Conviction by Mobile Phone
It’s only a matter of time before your phone destroys you. Some people keep their entire lives on their phones. When they lose a phone, if their data is not backed up on the cloud, they lose everything, from precious photos to important contact information. Some people have the opposite problem: they wish they could lose the data on their phone, but they can’t. In many instances, data does not go away, even if the user believes he or she has deleted information from a phone.
In the past five years, sexual assault cases, drug cases, and white collar cases handled by Berry Law Firm have been affected by data found on phones. Often, phones are used as evidence in other types of cases as well. Phone data is used in divorce cases and other civil proceedings. People today are less private about their lives and post embarrassing and sometimes incriminating information on social media. Even information not shared on social media but sent through text message, chat, or other private means can still be recovered and used against someone in a criminal or civil court case.
While some people are brazen enough to post comments admitting crimes online or send text messages detailing criminal activities to their friends, in many instances, less obviously incriminating data on phones can be just as damning.
For example, cell phone towers can track the location of anyone currently operating a cell phone at any given time. Berry Law Firm has represented individuals in large interstate drug cases in which federal prosecutors worked with law enforcement to track interstate drug shipments across the US using cell phone towers. Berry Law Firm has also represented individuals charged with robbery and placed at the scene of the crime because their phone signal bounced off a cell phone tower. But cell phone forensic evidence is not always as reliable as it may appear. There are reasons why phone signals bounce off of some cell phone towers and not others, but that’s a topic for an entirely different post.
In addition to phone tower data, law enforcement have access to GPS data, which can be incredibly accurate. If law enforcement gets consent or a warrant to search a phone, they can pull GPS data which can tell exactly where a person was at any given time.
Aside from the movement tracking and recording, text messages and responses can be problematic in a criminal case. Sometimes it’s not just the content of the message, but rather when the message was sent or how often the person was texting. Sometimes non-stop texting or long delays in messaging suggest to law enforcement the suspect was doing something illegal at a specific time.
For example, if a suspect in a criminal case rarely sends text messages to his brother and immediately exchanges hours worth of messages with his brother after a crime is committed, police may want to know what made the brothers text back and forth for so long when they normally send few messages to each other.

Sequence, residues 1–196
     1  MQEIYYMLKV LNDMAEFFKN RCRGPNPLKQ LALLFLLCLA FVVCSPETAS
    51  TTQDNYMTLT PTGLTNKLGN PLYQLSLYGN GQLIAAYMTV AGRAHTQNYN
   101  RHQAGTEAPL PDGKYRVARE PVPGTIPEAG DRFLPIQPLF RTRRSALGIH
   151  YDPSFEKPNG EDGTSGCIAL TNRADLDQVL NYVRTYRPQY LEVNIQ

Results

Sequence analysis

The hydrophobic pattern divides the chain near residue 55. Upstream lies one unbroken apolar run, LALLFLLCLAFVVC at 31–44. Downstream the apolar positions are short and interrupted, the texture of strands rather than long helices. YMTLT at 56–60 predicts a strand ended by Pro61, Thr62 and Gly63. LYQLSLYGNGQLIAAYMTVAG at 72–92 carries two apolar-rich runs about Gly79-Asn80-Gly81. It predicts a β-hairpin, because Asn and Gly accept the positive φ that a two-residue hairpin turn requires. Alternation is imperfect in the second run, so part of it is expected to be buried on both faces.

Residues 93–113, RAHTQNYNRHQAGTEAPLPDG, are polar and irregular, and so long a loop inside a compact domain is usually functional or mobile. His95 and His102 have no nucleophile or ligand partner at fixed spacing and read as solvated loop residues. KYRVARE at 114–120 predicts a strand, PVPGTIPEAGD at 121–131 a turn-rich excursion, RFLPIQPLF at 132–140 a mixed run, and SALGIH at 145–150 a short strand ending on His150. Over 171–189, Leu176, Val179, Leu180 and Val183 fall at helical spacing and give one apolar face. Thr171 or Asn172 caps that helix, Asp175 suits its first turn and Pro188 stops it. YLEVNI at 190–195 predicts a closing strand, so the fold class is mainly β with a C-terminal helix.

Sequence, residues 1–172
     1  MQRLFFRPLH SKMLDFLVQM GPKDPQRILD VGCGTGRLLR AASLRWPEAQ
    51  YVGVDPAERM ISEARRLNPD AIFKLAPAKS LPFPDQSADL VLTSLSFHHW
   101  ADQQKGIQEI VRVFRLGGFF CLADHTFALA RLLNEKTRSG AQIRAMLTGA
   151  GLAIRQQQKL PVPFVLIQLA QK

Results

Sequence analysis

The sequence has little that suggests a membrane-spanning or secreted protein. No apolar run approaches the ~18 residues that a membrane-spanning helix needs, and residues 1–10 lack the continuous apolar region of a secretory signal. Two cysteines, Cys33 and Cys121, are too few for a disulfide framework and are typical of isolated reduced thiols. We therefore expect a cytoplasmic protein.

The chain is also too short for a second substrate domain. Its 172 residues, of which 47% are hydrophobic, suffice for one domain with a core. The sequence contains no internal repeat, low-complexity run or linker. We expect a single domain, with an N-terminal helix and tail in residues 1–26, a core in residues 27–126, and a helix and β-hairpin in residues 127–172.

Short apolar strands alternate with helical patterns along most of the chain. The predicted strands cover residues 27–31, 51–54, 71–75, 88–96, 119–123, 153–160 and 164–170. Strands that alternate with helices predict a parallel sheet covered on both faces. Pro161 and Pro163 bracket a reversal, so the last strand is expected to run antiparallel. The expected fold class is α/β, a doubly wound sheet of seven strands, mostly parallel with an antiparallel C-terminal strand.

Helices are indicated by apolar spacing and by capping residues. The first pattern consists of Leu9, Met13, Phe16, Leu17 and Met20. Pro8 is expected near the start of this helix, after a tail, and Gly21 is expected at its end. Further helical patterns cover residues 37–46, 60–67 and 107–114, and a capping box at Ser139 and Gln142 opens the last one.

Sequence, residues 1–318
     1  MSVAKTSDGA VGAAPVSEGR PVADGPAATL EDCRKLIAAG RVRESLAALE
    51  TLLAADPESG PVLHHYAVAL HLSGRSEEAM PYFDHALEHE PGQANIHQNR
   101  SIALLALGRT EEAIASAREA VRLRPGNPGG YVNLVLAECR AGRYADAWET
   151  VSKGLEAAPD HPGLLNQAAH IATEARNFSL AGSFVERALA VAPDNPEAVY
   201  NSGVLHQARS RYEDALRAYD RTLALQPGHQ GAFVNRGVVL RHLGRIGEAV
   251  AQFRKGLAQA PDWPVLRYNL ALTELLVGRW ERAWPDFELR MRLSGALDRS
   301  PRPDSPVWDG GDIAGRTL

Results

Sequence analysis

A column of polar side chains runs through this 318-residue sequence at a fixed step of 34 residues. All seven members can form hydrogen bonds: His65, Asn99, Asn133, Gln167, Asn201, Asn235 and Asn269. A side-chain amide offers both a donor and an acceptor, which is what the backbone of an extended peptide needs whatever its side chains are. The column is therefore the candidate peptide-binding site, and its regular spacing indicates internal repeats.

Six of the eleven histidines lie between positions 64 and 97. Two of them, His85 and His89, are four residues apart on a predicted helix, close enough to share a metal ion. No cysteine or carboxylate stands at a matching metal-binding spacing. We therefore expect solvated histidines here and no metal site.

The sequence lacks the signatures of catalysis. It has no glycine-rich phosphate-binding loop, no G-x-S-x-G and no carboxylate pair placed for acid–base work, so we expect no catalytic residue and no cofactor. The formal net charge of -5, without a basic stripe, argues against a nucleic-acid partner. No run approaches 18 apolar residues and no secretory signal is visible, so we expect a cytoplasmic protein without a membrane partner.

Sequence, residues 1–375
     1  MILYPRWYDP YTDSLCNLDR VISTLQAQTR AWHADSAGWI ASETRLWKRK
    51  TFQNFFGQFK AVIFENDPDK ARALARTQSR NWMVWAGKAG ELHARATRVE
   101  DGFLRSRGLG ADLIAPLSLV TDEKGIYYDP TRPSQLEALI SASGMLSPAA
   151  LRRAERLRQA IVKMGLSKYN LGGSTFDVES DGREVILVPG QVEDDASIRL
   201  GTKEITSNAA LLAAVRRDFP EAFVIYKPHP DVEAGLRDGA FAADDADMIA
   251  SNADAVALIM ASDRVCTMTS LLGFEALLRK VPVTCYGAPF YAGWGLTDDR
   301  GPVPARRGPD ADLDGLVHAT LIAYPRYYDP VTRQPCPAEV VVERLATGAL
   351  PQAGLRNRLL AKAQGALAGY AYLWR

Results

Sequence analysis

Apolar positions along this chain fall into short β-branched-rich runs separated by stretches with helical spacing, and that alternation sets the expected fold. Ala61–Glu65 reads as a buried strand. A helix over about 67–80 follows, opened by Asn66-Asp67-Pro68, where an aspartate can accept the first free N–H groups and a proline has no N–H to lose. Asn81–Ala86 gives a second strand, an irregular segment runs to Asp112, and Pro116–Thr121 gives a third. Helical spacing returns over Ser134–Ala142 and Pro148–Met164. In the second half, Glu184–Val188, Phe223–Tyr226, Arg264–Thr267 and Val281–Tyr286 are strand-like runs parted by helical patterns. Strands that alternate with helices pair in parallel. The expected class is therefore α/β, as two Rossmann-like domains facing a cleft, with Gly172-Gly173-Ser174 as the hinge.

Prosecutors may argue the increased cell phone activity occurred because the suspect confessed his crime and sought the assistance of his brother. If the messages are recovered, they will likely be the reason a jury convicts or acquits the suspect.
Consider the opposite. A woman who incessantly text messages her boyfriend suddenly stops texting him an hour prior to his death and then never tries to text message him again. How did she know to stop texting him? Did she know he was dead? How would she know? In this instance the lack of text messaging may make the woman a suspect in a murder case.
It’s not just the content of the text messages that can be problematic but the habit or lack thereof that can raise suspicion. At trial, prosecutors often argue that these sudden changes in habit are circumstantial evidence that a criminal defendant committed a crime. This may sound like a stretch but combined with other circumstantial evidence such as cell tower data placing the person near the crime scene and text message content depicting an argument and a motive, it certainly raises suspicions.
Finally, there are photos. People mindlessly take pictures of incriminating occurrences or events that they believe are funny, which later may be used against them in court. Digital photographs often have date and time stamps which can show exactly when a photo was taken. And photos that go to cloud-based storage usually contain the GPS data of where the photo was taken. While the photo itself may be incriminating, the date/time stamp and location data can tell someone exactly when and where it was taken.
There’s no question we depend on our phones for many of our daily activities. But keep in mind that just as your life may become very difficult if you lose your phone, if someone else gains access to the data on your phone, it could complicate your life in a much different way.
Phone hackers can learn about your entire life from your phone. Your internet searches say quite a lot about your personal preferences, political leanings, medical issues, and purchasing habits. And it only gets deeper from there when someone gets into your apps where they can learn about your bank information, dating preferences, and amounts of daily exercise.
As Americans, we value our privacy as one of our constitutional rights. We don’t want strangers from the government looking through our phones. It’s not just people engaged in criminal activities that fear losing their phone security: Everyone concerned with protecting their privacy fears having their phone stolen or hacked or confiscated by police. Ironically, even though we value our 4th Amendment right that protects our privacy we are less than private about every detail of our lives that we post on social media.
If you find yourself in legal trouble because of information found on your cell phone, please call us at (402) 817-6550 or contact us online.